Riverhead Supervisor Yvette Aguiar said she would support making an unused airstrip at the Enterprise Park in Calverton a permanent site for racing.
During her weekly interview on Tuesday on WRIV’s “Dawn Patrol” program, host Bruce Tria asked Aguiar whether she could see the runway used permanently as a racetrack if the current agreement for the property’s use with Calverton Aviation and Technology falls through.
“We have proven that it does work. It’s the perfect location for it,” Aguiar said. “It would be something that the board would have to decide collectively. I see it. We’d have to make sure at least three other individuals see it. It was very, very successful.”
Her comment came after Aguiar touted the success of the eighth-mile drag race event “Race Track, Not Street” after its closing this past weekend. All but one of the event’s eight scheduled dates were sold out, although one day was rained out due to Hurricane Henri.
The events gave an economic boost to the town, Aguiar said, with local restaurants, delis and hotels getting business boosts from the events. The event also drew sponsors from businesses across Long Island.
“Race Track, Not Street” drag racing promoter Peter Scalzo told RiverheadLOCAL he applied for a permit to hold drag-racing events on weekends in October, before withdrawing them in light of the town’s commitment to allow Insurance Auto Auctions use the space to store cars damaged by the floodwaters of storm Ida. Scalzo also said he hopes to be able to hold drag racing events at EPCAL again next year.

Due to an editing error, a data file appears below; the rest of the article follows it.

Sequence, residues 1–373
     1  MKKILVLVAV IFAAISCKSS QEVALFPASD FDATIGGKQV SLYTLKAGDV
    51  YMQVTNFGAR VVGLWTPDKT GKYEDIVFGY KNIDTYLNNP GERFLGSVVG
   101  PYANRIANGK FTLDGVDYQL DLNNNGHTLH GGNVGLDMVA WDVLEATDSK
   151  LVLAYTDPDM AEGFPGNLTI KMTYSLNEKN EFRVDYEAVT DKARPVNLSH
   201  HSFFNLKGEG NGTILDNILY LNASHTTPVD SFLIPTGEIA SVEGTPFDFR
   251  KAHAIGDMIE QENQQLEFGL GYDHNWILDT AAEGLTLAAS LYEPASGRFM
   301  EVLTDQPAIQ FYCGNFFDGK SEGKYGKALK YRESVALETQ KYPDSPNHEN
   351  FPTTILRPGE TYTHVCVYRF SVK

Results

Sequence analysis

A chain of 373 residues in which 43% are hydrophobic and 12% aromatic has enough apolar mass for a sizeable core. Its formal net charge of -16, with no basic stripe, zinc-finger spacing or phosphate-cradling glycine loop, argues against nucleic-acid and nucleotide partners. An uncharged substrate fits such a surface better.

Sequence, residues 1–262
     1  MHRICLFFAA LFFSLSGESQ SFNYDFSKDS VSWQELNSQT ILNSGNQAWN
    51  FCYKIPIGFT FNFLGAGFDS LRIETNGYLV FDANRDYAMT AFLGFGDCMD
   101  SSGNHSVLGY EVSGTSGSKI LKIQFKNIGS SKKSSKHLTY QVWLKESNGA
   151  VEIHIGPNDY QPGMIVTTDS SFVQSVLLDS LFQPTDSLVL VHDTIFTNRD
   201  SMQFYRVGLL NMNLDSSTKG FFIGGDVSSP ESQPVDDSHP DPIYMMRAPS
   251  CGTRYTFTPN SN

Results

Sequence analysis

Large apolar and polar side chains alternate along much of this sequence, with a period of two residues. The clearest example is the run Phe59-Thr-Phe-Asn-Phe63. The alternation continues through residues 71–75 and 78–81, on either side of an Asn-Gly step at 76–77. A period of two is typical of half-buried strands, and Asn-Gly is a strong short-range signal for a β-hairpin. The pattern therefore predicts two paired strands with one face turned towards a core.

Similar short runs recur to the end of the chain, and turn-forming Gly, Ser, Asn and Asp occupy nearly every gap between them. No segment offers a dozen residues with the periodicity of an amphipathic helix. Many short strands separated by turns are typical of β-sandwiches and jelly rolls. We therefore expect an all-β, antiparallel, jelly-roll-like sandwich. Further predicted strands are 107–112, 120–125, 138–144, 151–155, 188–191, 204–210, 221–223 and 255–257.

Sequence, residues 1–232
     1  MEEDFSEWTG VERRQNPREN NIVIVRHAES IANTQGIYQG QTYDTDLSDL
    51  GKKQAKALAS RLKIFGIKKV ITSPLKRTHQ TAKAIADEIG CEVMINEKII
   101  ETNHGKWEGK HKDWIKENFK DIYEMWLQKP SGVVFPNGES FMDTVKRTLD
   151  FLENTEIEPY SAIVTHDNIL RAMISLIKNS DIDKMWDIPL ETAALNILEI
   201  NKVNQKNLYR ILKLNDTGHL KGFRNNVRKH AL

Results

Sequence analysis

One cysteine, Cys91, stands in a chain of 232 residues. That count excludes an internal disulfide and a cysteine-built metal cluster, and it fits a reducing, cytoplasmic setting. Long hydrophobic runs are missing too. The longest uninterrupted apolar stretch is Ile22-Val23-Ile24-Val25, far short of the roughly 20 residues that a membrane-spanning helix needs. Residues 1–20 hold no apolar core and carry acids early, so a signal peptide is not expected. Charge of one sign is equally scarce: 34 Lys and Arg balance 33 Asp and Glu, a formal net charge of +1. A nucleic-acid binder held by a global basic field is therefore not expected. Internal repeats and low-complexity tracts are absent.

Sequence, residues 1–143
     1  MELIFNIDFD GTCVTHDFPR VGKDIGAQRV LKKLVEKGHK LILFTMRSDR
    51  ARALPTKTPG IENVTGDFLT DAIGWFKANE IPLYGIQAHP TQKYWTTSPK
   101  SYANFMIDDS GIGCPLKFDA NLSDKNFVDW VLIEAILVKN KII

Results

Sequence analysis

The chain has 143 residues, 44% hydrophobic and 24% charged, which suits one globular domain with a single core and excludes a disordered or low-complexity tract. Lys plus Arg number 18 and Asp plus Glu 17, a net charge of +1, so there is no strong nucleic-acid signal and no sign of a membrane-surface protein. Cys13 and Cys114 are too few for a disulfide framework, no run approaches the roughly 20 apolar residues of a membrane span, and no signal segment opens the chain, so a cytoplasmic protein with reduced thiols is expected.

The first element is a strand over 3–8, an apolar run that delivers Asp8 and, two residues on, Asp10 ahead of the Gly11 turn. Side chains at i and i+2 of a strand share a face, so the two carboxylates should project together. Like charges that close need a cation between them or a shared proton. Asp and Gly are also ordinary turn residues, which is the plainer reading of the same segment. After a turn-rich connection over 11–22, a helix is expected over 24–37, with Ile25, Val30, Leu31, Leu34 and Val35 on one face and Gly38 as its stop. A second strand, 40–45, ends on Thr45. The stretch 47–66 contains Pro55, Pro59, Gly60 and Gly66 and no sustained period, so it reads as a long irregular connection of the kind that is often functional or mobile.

Another drag racing event, the “Scrambul Runway Challenge,” is scheduled to hold a two-day event on the weekend of Sept. 25-26.
The Facebook page for “Race Track, Not Street” is actively pushing for Aguiar’s reelection in Facebook posts this week.
Future use of the runway for racing depends on the status of the deal with CAT. The town entered a $40 million land deal with CAT in 2018, but can’t close the deal without a final subdivision approval and that is hung up because the State Department of Environmental Conservation’s requirements the town hasn’t been able to meet for two regulatory permits. The town sued the DEC in February, seeking to have the agency’s “notice of incomplete application” set aside. That case remains pending. Critics of the deal have also raised concerns about the financial condition of CAT’s parent company, Triple Five Group, whose mega malls have suffered in the COVID-19 pandemic, but a letter from a public accounting firm presented to the board in July said the company still has the money to pay for the land.
Aguiar did not respond to requests for further comment today
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